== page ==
DISA releases new cloud security requirement guide
After months of planning, the Defense Information Systems Agency has released its new cloud security requirements guide as the Defense Department moves to leverage cloud computing capabilities.
In a 65-page document, DISA lays out all the ways DOD can procure cloud services and how cloud service providers must go through different security check levels before they can handle DOD data. The guide shows how DISA plans to assess cloud service providers beyond the guidelines laid out in the Federal Risk and Authorization Management Program, or FedRAMP.
In a previous set of guidelines, DISA had created six impact levels to help evaluate how sensitive a given set of data is. But with the guide’s release, DISA eliminated levels 1 and 3 on its data impact scale, now only operating on levels 2, 4, 5 and 6.
The level reduction “was accomplished by integrating levels 1 (public information) and 3 (low impact Controlled Unclassified Information (CUI)) into levels 2 and 4, respectively,” the guide reads. “The numeric designators for the impact levels have not changed to remain consistent with previous versions of the cloud security model, leaving impact levels 2, 4, 5, and 6.”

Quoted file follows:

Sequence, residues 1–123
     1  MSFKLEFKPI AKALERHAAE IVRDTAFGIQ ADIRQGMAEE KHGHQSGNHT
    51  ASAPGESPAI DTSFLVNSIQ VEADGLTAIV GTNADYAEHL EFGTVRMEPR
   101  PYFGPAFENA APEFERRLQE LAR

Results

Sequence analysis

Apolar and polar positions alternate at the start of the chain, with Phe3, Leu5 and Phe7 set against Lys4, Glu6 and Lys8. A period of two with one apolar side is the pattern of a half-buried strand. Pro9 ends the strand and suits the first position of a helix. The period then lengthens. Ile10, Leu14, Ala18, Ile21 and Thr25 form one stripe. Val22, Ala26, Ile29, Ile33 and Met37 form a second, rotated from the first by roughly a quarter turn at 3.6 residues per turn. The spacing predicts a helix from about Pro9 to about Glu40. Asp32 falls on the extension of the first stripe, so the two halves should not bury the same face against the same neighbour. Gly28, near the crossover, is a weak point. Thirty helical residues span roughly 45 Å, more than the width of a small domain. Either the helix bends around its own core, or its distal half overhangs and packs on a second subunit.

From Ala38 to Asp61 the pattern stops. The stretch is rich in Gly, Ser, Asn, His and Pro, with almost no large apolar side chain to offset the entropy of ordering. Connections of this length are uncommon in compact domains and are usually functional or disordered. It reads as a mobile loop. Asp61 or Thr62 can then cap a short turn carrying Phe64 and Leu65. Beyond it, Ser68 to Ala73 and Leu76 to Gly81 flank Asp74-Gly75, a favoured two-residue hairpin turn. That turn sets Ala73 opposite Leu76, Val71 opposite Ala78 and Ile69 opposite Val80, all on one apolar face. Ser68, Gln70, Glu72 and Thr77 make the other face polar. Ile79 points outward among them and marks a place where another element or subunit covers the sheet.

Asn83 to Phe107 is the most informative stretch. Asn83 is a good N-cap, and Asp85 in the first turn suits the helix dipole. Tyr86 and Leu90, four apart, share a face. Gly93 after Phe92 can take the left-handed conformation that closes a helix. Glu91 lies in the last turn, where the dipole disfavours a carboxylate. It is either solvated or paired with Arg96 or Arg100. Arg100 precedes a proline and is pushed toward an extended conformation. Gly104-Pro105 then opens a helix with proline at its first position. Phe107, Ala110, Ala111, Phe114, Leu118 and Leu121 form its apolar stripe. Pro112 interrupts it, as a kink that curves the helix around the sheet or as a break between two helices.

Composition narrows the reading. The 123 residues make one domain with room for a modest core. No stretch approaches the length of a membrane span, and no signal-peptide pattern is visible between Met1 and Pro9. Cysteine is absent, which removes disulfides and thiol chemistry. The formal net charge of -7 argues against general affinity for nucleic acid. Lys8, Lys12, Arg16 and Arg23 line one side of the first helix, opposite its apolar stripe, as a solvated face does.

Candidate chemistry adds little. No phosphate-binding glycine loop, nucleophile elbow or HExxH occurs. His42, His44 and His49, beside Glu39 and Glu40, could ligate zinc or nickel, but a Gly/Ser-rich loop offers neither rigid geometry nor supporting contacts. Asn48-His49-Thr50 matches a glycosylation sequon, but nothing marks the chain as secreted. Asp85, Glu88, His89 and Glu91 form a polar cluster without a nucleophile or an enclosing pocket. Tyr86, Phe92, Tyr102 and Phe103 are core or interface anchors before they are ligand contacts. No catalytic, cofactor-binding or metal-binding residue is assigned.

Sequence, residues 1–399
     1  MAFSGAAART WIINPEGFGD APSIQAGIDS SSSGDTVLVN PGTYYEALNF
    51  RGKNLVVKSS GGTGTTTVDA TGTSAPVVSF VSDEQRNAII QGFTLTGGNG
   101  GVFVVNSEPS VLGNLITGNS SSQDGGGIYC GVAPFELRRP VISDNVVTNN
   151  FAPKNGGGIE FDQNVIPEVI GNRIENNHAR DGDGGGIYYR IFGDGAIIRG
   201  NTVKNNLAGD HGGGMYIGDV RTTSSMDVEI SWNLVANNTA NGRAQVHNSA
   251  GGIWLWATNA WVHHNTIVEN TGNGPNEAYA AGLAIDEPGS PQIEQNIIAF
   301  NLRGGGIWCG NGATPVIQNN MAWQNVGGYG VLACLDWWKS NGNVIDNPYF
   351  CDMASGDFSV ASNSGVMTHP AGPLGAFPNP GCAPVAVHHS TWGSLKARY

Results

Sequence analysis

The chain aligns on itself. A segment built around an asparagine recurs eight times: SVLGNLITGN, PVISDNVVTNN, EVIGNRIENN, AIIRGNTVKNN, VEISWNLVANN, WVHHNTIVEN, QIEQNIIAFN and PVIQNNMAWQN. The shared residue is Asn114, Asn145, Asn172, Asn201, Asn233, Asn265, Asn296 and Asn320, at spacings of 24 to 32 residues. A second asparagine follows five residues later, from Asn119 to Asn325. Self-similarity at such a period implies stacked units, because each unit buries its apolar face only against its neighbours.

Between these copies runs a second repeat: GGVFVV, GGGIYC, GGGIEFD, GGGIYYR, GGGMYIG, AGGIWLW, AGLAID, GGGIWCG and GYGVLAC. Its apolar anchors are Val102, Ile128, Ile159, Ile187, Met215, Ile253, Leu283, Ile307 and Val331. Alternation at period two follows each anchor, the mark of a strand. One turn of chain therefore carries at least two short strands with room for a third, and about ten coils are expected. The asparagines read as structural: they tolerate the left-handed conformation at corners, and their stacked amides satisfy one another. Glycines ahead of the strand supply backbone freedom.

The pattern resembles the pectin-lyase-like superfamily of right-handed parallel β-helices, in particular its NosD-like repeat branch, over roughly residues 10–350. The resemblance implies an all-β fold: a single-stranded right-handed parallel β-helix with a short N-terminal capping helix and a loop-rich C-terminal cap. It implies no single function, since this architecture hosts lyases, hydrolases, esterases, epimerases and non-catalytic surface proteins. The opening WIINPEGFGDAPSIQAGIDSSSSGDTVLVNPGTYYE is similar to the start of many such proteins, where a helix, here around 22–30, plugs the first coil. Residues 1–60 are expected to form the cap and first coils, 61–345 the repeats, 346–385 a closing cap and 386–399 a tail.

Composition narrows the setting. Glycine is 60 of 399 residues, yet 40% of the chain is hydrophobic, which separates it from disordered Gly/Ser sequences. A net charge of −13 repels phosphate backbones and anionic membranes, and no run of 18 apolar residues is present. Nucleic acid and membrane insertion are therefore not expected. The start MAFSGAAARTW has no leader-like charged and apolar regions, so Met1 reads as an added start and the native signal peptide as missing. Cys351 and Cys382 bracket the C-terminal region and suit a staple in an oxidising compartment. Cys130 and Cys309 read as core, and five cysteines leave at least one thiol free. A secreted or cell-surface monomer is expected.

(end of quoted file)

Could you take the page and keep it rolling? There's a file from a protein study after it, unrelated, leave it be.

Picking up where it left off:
The guide also provides security requirements and guidance to cloud service providers that wish to have their service offerings included in the DOD Cloud Service Catalog, and it establishes framework to allow DOD to grant a cloud services provider with a provisional authorization.
“The [guide] is designed to ensure that DOD can attain the full economic and technical advantages of using the commercial cloud without putting the department’s data and missions at risk,” DISA Risk Management Executive Mark Orndorff said.
The guide comes as part of DISA’s overall focus on the cloud, which was highlighted by DISA CIO David Bennett during an industry day last August. The change in impact levels aligns with Bennett’s push to be more aware of what DOD data sits on what level of cloud.
“I fully expect we will put things fully out in the commercial cloud, for instance, publicly released information, we’ll just put it out there and forget about it. We’ll keep it updated, but, we’re not going to put any controls on it,” Bennett said in August. “But for the higher level of information, like PII or [health information], we can put that into a commercial facility, but we want to have some awareness of what’s going on with that information and extend the fence line around that enclave so we can maintain awareness.”
While the guide is considered a “final version,” Orndorff wrote in a Jan. 12 memo that he expects quarterly updates. According the memo, the next update will focus on level 5 data and hosting DOD workloads outside of U.S. facilities.
Download the full guide on DISA’s website.